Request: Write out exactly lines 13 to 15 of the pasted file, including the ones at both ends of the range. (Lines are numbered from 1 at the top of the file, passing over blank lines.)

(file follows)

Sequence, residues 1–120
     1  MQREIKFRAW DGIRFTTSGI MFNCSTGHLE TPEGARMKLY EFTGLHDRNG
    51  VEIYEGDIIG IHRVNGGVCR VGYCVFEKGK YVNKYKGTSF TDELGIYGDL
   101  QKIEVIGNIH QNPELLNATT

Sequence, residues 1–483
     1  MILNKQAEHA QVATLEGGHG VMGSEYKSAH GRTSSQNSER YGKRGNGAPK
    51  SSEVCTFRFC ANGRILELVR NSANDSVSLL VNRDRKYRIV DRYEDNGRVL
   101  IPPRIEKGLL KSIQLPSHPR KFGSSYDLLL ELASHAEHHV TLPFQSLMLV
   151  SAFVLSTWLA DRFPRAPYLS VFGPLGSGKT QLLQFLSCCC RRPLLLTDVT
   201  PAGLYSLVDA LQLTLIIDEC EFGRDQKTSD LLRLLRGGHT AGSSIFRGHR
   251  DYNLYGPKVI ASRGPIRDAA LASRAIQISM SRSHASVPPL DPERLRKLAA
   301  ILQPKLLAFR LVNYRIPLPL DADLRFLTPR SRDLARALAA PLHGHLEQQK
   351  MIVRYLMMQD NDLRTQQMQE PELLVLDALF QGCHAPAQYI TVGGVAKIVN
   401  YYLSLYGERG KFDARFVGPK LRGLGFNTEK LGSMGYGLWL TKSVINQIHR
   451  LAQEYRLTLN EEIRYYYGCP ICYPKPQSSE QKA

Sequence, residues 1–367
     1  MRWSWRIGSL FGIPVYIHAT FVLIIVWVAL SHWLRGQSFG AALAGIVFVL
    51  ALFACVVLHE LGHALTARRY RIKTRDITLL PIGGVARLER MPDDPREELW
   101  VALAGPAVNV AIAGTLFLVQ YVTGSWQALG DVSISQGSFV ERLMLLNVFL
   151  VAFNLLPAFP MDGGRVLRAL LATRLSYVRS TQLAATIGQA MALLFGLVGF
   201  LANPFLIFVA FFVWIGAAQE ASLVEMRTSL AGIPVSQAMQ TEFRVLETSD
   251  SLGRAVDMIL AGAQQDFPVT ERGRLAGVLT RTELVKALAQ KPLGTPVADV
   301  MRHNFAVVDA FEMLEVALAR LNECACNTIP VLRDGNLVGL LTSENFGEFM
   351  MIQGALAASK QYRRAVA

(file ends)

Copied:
   351  MIVRYLMMQD NDLRTQQMQE PELLVLDALF QGCHAPAQYI TVGGVAKIVN
   401  YYLSLYGERG KFDARFVGPK LRGLGFNTEK LGSMGYGLWL TKSVINQIHR
   451  LAQEYRLTLN EEIRYYYGCP ICYPKPQSSE QKA